21 November 2013. Thursday, Presentation of the Blessed Virgin Mary
Zech 2:14ff. “Rejoice, O daughter Zion! For I will come and dwell in your midst.”
Mt 12:46ff. The real family of Jesus are those who take his Gospel to their hearts.
First Reading: Zechariah 2:14-17
Sing and rejoice, O daughter Zion! For lo, I will come and dwell in your midst, says the Lord. Many nations shall join themselves to the Lord on that day, and shall be my people; and I will dwell in your midst. And you shall know that the Lord of hosts has sent me to you.
The Lord will inherit Judah as his portion in the holy land, and will again choose Jerusalem. Be silent, all people, before the Lord; for he has roused himself from his holy dwelling.
Gospel: Mt 12:46-50
While he was still speaking to the crowds, his mother and his brothers were standing outside, wanting to speak to him. Someone told him, “Look, your mother and your brothers are standing outside, wanting to speak to you.” But to the one who had told him this, Jesus replied, “Who is my mother, and who are my brothers?” And pointing to his disciples, he said, “Here are my mother and my brothers! For whoever does the will of my Father in heaven is my brother and sister and mother.”
A beautiful, devotional feast
Many of the celebrations in honour of Mary are squarely based on Gospel texts. St Luke tell of her acceptance of God’s invitation to be the mother of the Savior at the Annunciation. We know of her maternity and of her faithfulness to her son, Jesus, even, as St John reports, standing at the side of his cross. But the Evangelists tells us nothing about Mary’s early life. The inspired Word makes no mention of the event celebrated each year on November 21st, her Presentation in the Temple. This devotion is testified by a tradition that comes from a century after her life. The Presentation of Our Lady in the Temple is told in a delightful Apocryphal text, the Protoevangelium of James, which may be dated around the year 200 AD. (click for a translation of the Protoevangelium)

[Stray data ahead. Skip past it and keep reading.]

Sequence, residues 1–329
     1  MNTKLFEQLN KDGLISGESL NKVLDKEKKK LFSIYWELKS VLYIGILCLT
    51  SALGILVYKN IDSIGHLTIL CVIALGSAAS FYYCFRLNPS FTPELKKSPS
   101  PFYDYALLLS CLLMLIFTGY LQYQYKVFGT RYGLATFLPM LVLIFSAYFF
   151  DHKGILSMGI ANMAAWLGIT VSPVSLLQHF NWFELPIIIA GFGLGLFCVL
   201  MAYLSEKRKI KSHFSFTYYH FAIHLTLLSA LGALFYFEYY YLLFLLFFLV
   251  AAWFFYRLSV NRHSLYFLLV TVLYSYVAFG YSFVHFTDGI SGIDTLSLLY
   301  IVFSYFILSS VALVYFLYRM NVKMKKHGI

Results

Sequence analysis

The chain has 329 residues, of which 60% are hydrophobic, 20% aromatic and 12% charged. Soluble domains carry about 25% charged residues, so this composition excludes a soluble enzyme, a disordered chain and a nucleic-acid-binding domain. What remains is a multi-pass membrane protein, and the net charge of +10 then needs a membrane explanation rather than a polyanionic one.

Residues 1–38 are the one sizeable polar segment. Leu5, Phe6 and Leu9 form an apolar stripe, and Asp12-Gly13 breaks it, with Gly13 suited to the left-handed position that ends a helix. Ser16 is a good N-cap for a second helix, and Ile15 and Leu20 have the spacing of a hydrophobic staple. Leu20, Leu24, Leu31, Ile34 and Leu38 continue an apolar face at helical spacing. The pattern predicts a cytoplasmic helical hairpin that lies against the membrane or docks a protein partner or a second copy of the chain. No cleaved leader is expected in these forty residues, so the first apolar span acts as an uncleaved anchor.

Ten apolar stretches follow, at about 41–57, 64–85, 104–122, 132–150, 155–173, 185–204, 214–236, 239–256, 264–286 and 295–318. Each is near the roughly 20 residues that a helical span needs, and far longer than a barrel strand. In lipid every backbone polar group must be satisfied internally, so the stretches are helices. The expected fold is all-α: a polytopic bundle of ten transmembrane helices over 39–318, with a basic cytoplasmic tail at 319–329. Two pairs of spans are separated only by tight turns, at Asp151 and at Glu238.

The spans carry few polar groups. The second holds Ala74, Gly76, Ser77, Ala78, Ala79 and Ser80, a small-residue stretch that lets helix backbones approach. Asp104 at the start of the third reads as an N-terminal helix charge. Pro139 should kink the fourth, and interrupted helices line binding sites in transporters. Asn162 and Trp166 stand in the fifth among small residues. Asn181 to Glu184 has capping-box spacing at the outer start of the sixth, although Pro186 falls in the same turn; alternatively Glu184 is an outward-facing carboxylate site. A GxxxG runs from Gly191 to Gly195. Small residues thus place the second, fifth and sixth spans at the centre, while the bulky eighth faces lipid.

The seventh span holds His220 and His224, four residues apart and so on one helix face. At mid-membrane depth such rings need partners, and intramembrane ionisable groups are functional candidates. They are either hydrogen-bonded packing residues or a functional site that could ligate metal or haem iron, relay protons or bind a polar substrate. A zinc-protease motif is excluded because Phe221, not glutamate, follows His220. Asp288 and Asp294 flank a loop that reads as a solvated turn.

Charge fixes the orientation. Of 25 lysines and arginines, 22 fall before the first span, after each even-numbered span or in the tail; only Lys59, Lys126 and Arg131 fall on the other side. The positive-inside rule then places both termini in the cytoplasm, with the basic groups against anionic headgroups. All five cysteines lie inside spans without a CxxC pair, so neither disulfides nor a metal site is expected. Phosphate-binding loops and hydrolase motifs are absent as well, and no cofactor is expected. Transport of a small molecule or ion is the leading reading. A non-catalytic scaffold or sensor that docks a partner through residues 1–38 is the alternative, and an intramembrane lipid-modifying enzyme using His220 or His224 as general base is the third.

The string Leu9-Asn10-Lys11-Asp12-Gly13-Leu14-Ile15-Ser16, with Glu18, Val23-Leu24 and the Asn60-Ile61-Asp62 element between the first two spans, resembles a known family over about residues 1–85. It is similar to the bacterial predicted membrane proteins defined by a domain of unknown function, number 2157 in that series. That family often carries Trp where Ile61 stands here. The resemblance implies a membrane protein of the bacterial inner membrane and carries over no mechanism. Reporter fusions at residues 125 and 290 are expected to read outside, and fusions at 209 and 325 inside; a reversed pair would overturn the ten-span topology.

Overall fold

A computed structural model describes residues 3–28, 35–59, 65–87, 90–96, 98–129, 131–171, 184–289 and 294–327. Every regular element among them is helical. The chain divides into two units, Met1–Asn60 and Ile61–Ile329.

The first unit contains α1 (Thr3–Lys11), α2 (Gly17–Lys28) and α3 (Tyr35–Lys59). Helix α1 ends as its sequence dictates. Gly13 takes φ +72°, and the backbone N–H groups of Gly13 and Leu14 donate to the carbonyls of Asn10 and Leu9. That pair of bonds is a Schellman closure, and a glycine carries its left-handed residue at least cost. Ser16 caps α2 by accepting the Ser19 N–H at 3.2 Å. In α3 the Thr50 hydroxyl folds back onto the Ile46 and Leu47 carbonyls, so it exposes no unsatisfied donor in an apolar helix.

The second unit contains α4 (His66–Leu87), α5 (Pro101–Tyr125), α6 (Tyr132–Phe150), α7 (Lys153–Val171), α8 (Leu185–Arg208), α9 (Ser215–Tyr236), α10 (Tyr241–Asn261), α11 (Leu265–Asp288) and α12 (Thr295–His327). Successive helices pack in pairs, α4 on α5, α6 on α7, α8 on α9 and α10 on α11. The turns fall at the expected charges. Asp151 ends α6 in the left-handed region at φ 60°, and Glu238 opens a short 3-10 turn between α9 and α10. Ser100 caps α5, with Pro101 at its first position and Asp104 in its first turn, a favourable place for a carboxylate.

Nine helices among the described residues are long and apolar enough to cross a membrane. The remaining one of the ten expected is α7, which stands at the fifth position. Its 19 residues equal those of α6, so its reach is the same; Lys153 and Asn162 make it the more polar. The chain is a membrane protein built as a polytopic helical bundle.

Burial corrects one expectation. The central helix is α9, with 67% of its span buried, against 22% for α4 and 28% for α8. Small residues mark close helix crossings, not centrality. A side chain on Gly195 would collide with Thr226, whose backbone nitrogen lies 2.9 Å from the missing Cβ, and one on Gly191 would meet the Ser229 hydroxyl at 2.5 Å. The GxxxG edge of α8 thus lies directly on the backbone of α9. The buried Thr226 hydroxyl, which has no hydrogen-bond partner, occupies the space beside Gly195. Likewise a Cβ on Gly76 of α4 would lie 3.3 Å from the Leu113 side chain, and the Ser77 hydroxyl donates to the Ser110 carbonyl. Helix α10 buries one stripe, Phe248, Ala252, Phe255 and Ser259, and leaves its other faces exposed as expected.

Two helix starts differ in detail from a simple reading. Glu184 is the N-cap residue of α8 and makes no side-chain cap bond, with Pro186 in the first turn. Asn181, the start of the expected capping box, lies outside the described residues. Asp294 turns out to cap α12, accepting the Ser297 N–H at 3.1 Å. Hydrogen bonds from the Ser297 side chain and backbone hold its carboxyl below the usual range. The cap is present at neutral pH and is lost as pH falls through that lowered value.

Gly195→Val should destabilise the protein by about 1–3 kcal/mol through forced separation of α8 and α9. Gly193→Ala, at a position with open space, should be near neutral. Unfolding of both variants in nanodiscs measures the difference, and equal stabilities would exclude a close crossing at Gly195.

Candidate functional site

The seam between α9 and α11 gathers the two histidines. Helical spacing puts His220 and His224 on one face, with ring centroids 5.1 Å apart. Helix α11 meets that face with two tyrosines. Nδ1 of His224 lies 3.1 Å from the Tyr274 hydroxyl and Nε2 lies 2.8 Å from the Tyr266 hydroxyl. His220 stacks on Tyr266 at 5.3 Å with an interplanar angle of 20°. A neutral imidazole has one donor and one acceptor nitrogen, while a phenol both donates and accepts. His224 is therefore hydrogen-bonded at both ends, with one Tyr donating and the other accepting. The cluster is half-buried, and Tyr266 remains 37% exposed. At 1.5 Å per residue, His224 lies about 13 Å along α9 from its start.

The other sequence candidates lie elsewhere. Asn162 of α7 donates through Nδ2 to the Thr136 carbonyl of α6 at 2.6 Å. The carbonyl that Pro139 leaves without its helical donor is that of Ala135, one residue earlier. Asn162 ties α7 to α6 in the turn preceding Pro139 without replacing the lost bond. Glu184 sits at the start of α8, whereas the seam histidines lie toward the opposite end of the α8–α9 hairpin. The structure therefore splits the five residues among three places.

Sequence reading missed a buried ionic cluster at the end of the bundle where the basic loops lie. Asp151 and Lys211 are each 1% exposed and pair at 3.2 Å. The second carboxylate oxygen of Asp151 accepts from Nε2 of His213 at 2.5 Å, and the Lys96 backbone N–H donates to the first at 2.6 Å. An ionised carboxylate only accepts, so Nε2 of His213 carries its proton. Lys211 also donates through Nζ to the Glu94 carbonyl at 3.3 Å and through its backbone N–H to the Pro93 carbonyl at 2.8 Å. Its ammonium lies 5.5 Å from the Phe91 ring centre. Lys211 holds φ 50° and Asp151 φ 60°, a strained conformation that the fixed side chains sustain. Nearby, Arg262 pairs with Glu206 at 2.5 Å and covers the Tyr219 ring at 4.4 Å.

This fictitious book offers a devotional account of Mary’s early life, clearly drawing on the Gospel stories of Christ’s infancy as a model. Her father, Joachim, wishes to bring the child Mary to serve in the Temple of the Lord in Jerusalem, but his wife Anna gets him to wait until Mary is three years old, before having her live far from her parents. When the day arrived, a group of Hebrew virgins goes with Mary to the Temple, with lamps burning. There the priest receives her, blesses her, and proclaims, “The Lord has magnified your name in all generations. In you, the Lord will manifest His redemption to the children of Israel.”
Mary was placed on the third step of the Temple, where she “danced with joy and all the house of Israel loved her.” The story goes on to describe how she continued in the Temple, living in the service of the Lord, while her parents returned home, glorifying God. The focus of the book is clear: from her earliest childhood Mary was completely dedicated and given over to God. It is to this beautiful apocryphal account that we owe the Feast of the Presentation of Our Lady.
In the sixth century the Emperor Justinian built a splendid church dedicated to Mary in the Temple area in Jerusalem. This basilica was dedicated in 543 but was destroyed by the Persians within a century. Several church Fathers such as Germanus, Patriarch of Constantinople (+730) and his contemporary John Damascene, preached homilies on this feast, referring to Mary as God’s special flower which was being nurtured for better things. “She was planted in the House of God, nourished by the Holy Spirit and kept her body and soul spotless to receive God in her bosom. He who is all-holy rests among the holy.”
In the Eastern Church the Presentation is one of the twelve great feasts of the liturgical year. For the Easterns it celebrates the same belief that we in the West have focussed even more sharply through the feast of the Immaculate Conception: Mary’s unique holiness. It appears that by the ninth century at least, the Presentation was treasured in the monasteries of southern Italy influenced by the Byzantine tradition. It is recorded that it was celebrated in Avignon, France in 1373. Its wider acceptance in the West was slow and only in the year 1472 did Pope Sixtus IV extend its celebration to the universal Church.